PStart: Extremely useful and unique program launcher for USB/flash drives

With more and more software being designed to be “portable” so they can run off USB/flash drives, more and more users are jam-packing their USB/flash drives with programs to take with them on the go. However, with new horizons comes new problems. One of the new problems with having dozens (hundreds?) of software on a USB/flash drive is that it is often very hard to organize and easily launch a specific program when the need arises. Those people facing the dilemma I just described, I highly encourage to give PStart a try:



PStart is a featured filled, very handy, and somewhat unique program launcher. What PStart does is it indexes all executable files (EXE, SCR, COM, BAT, and CMD) found in a particular location, and lists them for you. Users simply have to double click on the program they want to launch and PStart launches it for them.

How PStart works is after you download it, during installation you are given a choice to install it on your computer or on a removable drive:


You would, obviously, have to select “Portable setup” if you want to use PStart for your USB/flash drive.

After PStart has been installed, you need to go to “File” -> “Scan for executable” to have PStart index your software:



Of course depending on what you are using PStart for, you can have PStart index the executables in any location (any drive or specific folder). However, if you are using PStart for your USB/flash drive, as discussed in this post, you will need to select your USB/flash drive to index. Do take note you can have PStart index multiple locations if you want (just run the scan multiple times).

The indexing does not take long at all. After the indexing has finished, PStart gives users the ability to customize the list by adding new custom entries, deleting unwanted entries, or modifying (“edit”) already existing entries so no one is restricted to just the executables found by PStart; additionally, users can organize all the indexed executables however they see fit – users can rename the folder created by PStart, add new folders, or add new sub-folders (“groups”):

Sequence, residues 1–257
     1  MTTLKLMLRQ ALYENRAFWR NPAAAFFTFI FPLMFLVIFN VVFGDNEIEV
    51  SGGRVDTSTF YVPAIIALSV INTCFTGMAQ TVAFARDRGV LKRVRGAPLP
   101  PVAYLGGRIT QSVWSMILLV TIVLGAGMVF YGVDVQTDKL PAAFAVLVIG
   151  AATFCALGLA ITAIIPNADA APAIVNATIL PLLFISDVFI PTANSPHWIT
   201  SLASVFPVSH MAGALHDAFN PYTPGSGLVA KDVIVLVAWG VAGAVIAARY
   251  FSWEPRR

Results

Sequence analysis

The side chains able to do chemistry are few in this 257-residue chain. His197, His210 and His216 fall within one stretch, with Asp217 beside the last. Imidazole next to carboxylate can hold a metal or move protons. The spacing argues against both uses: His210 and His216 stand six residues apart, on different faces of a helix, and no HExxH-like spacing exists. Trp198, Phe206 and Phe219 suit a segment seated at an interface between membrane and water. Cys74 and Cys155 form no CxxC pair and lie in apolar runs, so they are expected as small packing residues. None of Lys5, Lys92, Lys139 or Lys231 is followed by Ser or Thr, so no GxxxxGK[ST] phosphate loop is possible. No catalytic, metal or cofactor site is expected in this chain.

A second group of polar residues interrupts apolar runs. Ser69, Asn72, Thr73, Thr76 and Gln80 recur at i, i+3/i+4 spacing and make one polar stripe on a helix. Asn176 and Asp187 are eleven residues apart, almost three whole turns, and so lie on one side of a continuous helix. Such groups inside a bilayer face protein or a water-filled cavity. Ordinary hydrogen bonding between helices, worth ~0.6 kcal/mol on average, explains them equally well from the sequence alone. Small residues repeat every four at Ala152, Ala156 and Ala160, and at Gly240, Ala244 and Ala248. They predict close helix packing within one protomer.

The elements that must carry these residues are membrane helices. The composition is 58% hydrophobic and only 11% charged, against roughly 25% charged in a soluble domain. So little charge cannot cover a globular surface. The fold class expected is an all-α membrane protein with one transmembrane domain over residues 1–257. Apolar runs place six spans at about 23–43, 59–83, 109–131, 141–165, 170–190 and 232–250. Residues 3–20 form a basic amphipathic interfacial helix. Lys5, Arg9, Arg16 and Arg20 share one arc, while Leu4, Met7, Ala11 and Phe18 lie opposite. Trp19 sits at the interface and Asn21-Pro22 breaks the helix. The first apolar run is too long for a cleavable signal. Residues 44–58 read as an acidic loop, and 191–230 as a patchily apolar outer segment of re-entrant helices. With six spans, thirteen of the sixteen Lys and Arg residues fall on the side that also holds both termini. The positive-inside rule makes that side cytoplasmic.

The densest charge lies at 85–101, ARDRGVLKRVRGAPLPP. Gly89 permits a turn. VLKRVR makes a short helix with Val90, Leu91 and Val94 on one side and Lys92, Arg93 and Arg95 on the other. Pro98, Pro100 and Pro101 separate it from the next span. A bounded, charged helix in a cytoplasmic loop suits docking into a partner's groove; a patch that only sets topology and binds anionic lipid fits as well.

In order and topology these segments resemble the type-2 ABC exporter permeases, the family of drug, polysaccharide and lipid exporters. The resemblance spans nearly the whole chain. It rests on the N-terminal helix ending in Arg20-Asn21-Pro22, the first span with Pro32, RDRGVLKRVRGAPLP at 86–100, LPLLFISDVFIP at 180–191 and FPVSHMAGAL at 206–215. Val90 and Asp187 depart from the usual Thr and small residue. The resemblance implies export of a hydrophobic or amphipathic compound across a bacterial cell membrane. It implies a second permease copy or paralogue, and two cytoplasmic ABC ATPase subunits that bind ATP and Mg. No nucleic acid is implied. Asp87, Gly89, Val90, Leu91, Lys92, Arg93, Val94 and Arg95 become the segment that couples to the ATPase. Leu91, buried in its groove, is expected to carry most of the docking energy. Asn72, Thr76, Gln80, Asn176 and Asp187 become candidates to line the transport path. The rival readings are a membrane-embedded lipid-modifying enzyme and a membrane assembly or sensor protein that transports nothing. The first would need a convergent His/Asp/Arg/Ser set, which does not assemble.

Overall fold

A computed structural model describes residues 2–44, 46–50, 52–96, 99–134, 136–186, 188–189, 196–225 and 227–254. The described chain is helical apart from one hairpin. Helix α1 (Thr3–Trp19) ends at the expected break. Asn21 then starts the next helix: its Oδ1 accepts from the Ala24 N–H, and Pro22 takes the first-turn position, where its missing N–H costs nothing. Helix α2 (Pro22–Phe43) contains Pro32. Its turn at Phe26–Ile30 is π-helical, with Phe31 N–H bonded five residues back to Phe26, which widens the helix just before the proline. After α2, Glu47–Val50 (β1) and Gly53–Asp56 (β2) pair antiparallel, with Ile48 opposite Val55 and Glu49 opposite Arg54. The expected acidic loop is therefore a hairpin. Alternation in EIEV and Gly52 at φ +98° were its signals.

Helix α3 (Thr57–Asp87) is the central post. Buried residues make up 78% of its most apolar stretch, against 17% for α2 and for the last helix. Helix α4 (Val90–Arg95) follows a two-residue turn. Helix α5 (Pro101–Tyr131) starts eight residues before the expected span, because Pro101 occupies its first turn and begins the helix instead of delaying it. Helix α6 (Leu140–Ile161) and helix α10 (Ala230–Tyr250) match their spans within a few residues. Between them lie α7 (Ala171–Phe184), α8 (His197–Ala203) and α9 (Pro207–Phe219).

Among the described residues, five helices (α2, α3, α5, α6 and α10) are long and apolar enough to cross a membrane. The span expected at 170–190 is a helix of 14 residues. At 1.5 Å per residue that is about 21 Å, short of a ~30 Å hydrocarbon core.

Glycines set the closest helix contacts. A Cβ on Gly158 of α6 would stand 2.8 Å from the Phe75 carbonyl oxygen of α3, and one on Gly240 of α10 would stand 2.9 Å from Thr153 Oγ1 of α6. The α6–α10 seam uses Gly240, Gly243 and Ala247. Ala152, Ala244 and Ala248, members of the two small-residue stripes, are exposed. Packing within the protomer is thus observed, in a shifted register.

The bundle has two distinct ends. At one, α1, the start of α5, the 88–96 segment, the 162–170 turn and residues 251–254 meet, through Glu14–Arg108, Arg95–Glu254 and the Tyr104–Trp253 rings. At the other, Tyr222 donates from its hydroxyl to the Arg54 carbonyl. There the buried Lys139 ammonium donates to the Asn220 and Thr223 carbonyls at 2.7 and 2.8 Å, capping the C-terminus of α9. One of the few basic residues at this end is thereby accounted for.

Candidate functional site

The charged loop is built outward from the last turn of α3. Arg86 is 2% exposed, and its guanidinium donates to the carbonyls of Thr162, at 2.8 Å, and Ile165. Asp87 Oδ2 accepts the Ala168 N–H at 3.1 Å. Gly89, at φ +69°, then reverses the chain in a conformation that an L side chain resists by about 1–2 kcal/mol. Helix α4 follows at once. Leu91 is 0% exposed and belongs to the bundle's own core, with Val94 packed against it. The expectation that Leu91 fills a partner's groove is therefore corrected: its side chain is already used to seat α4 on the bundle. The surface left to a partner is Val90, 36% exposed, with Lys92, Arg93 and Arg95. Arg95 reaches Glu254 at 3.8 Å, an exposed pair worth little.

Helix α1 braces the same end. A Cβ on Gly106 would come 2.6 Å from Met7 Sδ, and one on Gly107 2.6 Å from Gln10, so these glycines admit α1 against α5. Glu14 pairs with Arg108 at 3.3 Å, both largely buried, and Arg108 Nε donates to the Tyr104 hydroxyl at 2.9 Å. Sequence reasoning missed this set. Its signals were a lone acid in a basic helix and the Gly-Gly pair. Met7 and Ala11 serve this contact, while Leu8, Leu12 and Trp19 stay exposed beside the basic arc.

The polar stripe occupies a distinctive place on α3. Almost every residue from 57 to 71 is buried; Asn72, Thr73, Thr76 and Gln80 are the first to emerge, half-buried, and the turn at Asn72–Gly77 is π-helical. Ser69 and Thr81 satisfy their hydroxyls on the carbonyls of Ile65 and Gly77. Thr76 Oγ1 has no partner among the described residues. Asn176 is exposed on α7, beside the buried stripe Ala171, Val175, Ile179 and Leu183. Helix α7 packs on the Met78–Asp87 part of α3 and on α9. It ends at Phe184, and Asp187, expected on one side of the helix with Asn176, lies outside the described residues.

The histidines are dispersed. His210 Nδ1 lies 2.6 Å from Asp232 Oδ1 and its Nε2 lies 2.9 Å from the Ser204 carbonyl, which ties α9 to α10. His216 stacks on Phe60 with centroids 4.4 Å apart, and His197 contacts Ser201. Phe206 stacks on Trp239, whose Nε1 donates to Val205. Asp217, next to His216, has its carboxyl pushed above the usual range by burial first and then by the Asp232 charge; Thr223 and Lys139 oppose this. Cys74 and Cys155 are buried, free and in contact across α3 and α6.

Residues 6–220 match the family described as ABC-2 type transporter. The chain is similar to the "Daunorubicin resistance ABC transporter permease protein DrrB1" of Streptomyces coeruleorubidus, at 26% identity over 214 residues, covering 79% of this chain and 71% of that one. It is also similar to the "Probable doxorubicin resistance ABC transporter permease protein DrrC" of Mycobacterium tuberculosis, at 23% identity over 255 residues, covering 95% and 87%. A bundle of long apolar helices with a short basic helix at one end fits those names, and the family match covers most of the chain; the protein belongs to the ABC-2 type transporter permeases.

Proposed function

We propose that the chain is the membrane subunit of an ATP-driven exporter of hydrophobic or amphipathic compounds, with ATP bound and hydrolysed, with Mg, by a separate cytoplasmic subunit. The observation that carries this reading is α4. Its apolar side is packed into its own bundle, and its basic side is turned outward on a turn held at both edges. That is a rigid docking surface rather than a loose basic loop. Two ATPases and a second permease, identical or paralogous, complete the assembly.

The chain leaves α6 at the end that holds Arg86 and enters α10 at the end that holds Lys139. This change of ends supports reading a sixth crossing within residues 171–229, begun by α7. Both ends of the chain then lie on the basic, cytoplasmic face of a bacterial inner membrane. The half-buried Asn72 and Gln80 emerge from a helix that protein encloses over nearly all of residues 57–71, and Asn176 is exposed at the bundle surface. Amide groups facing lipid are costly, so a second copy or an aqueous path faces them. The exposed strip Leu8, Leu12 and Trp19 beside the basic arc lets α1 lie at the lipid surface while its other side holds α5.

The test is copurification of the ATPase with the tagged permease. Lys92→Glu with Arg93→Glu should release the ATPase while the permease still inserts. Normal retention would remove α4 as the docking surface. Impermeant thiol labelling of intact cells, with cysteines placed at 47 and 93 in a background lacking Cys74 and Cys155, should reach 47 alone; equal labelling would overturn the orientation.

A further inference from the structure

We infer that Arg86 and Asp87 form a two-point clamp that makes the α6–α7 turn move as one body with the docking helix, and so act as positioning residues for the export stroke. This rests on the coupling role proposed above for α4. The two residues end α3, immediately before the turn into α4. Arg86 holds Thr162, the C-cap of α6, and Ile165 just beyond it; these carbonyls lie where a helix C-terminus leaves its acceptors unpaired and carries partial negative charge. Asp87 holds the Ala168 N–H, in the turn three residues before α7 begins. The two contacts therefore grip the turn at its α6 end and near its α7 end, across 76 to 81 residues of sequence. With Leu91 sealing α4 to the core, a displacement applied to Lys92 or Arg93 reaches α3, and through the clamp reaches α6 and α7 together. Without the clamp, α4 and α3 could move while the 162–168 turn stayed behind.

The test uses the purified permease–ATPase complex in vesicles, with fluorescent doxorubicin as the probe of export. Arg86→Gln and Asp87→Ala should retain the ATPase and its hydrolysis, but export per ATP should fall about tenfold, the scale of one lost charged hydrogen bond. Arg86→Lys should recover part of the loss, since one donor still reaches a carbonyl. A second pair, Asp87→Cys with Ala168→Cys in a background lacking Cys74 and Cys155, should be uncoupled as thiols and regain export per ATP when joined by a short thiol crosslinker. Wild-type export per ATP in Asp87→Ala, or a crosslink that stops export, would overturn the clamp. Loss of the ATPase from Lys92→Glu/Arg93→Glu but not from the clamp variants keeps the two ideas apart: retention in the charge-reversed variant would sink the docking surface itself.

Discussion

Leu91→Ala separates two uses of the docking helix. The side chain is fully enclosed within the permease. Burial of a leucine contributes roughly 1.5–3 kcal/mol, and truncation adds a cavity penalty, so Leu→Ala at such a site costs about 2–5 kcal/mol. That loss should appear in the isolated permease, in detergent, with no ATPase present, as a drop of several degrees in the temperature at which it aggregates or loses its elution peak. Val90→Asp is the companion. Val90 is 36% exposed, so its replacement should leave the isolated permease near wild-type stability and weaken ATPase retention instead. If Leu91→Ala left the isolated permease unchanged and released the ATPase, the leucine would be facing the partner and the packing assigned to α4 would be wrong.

For advanced users, when adding new executables or editing ones already added, PStart gives the ability to customize each entry:




The two interesting features to notice, in my opinion, is the ability to schedule a program to run at a specific time or assign a hotkey to run a program.

The nice thing about PStart is it uses relative paths instead of absolute paths. So regardless of what drive letter your USB/flash drive is assigned to when it is plugged into a computer, PStart will work just fine.

Other features of PStart are

  • The ability to search PStart list:


In addition to searching the PStart list, the search function in PStart is set – by default – to also search all start menu entries. However users can disable the searching of start menu entries, and only enable the searching of the PStart list, via options.

  • The ability to add notes:



One nice feature of the notes feature is the ability to add a reminder/alarm for each note.

  • Giving basic information on the drive PStart is installed on:


  • Allowing users to backup and restore the PStart programs list:


  • Giving users the ability to create a autorun file on the USB/flash drive PStart is installed on so PStart is automatically started whenever the USB/flash drive is plugged into a computer:


Do take note if the computer you plug your USB/flash drive into has autorun disabled, PStart won’t autorun even if you have the autorun file created.

When PStart is running, it runs out of your system tray. However, some users may find it a hassle to go to the system tray icon everytime they need to launch a program. So, to make PStart user friendly, the developer added in the ability to maximize/minimize the PStart panel (the window that shows all your programs) via hotkey…


…or via mouse shortcuts:


Here are the other “Settings” users can customize for PStart:







Now at this point I know many of you may be thinking “Ashraf, PStart is great but why should I use it when I already have PortableApps launcher or [insert other launcher here]?” There are three main reasons why I believe PStart will be a much more useful asset than any other program launcher for USB/flash drives:

  • PStart is not associated with a specific portable programs suite/package nor is it restricted to work with only programs from a specific portable programs suite/package. PStart will work with all programs from all sources – PortableApps, Lupo PenSuite, PenDrive Apps, your own individual apps, etc. You can install programs from whatever source you want and PStart will not complain one bit.
  • PStart does not require users to restructure their USB/flash drive. PStart indexes all executables present in a USB/flash drive. It does not matter if the program is in the root folder or sub-folders – PStart will find it and list it. So, unlike other program launchers, PStart does not force you to make any changes to your USB/flash drive (you do not have to have your portable programs in a specific folder on your USB/flash drive) except install PStart on it.